My Box Runneth Over

Yo, Norma, check this picture out!  I know it’s not great, but at least the scarves aren’t hanging on my neighbor’s fence.  Some additional scarves arrived via interoffice mail. Last night I put care tags on the other  scarves. Some of them I could tell what the yarn content was, others were put to the match. (Shout from downstairs – Hey what are you burning up there?) When in doubt, I used the hand wash tags. I’m planning to get this box in the mail tomorrow, and I know there are a few more scarves coming. Is this great, or what?

Norma asked those making scarves to write and say why. At first, I thought, what does she mean, why? Because I can, that’s why. Then I started to really think. Knitting is great for thinking. Dulaan is easy, it’s for kids who are freezing cold and poor. And yes, I’m usually good for a square or two for an afghan. But why additional effort for this and not another ‘knit for people I don’t know and probably never will’ — what spoke to me? I mean, besides Gale’s fab poster.

Honestly, it took a while for these feelings to surface. When I was beginning college/university, my mother, who was never sick, became mysteriously ill. At the beginning of my second year, she died of pancreatic cancer. My support was gone. My dad had his hands full with his grief and financial problems. He had lost his job shortly before my mother died, and there were three kids still at home. (I’m the middle of seven, and the oldest girl.) I’m sure he figured as long as he didn’t need to worry about me, all was OK. No letters or care packages. Plus I was going to school in Ottawa, and my family lived in New Jersey, so I couldn’t pop home for visits. I didn’t even go to my graduation, since there was no one planning to attend. Hmmm, do you think that could be why the Red Scarf Project called my name?

I had so much more than kids who spent most of their lives in foster care, but I still remember the feeling of loneliness. So keep those scarves coming, folks.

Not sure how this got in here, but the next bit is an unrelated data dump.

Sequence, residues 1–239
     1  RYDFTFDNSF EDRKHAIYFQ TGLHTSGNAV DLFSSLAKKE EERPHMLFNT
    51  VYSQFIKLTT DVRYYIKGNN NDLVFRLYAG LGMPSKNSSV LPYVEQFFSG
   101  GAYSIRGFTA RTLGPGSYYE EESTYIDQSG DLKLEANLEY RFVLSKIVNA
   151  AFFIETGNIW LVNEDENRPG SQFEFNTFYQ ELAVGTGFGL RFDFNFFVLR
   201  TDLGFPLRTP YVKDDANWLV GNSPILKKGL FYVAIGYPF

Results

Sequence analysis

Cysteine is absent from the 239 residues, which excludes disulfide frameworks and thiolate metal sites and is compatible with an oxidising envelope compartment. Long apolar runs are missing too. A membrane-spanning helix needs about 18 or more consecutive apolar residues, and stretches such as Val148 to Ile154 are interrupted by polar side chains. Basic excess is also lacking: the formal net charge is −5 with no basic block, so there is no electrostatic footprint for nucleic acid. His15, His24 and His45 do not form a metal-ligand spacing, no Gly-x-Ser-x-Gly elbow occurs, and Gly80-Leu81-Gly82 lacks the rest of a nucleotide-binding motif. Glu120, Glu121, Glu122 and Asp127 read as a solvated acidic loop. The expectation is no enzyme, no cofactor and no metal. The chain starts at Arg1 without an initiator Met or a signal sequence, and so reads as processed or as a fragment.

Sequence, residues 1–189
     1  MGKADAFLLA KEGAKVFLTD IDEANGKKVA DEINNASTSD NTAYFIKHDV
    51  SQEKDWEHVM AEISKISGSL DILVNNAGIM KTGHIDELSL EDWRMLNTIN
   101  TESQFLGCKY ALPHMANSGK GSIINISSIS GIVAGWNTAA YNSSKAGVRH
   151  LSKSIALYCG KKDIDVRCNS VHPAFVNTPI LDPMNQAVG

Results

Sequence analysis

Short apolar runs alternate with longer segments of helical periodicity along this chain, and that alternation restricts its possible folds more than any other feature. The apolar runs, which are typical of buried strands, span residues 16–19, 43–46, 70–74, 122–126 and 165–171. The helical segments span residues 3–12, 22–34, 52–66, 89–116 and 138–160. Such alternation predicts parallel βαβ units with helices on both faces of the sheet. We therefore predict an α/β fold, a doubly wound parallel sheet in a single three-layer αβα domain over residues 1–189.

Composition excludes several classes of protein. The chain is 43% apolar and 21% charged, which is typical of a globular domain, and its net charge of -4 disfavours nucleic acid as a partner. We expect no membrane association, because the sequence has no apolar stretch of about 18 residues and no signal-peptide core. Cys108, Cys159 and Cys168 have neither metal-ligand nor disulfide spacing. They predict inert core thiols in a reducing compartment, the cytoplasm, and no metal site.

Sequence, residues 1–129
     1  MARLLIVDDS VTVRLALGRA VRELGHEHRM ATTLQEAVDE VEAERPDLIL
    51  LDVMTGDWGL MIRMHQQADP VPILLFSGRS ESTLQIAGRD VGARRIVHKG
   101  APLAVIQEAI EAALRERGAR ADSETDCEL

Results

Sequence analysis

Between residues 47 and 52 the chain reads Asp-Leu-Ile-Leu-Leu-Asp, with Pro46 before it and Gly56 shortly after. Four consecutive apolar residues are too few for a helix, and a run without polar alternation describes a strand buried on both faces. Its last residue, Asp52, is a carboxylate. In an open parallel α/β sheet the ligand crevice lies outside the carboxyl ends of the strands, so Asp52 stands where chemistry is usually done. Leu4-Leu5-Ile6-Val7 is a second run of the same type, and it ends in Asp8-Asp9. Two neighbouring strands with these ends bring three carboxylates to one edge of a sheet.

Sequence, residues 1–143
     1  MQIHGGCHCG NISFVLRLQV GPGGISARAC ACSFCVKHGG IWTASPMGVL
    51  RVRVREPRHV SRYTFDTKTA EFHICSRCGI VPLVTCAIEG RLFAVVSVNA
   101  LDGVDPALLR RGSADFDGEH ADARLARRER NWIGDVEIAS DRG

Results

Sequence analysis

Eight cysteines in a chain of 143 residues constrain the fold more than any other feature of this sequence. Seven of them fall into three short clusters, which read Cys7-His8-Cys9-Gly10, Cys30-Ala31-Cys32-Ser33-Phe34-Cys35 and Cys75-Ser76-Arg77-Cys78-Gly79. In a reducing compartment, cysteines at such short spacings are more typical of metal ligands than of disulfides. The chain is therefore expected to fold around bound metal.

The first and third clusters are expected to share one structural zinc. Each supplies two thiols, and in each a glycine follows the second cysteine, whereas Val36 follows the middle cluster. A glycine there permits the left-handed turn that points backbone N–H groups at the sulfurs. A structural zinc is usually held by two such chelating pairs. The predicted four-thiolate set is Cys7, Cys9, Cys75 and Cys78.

Or start now for next year. Thanks to all those anonymous knitters who made my box runneth over.

6 responses to “My Box Runneth Over

  1. Holy mother of……..!

    That’s a BOX of red scarves!!! A beautiful sight to behold….

  2. wow Mary Lou. There’ll be lots of warm necks & hearts this Valentines Day thanks to you!

  3. Brilliant! Well done! That`s a lovely sight to see. I wished I had known about this before now, because I would have knitted some and have them sent over to you from the UK.

    Could you let me know if you are doing any knitting for a worthy cause again and I shall get involved as well? Thanks

  4. Thanks for this heartfelt story. As I box up my scarves, I have been thinking of why this project appeals to me, too. My reasons are different, but I love how charity knitting focuses the knitter about their own blesings in life.

  5. ::sniff: Crying now.
    That’s an amazing sight!

  6. Hi Mary Lou,
    Thanks so much for visiting my blog. I came over to visit yours, and ended up crying. Your story really touched my heart. I have always had an affinity for teens, especially troubled, orhpan, or foster teens. The Red Scarf Project is totally my bag. Looks like you did a great job on collecting scarves. Oh, by the way, I will be back to buy your Tiger Hat pattern. I can’t let that one slip by with 2 little Detroit Tiger fans in my house.

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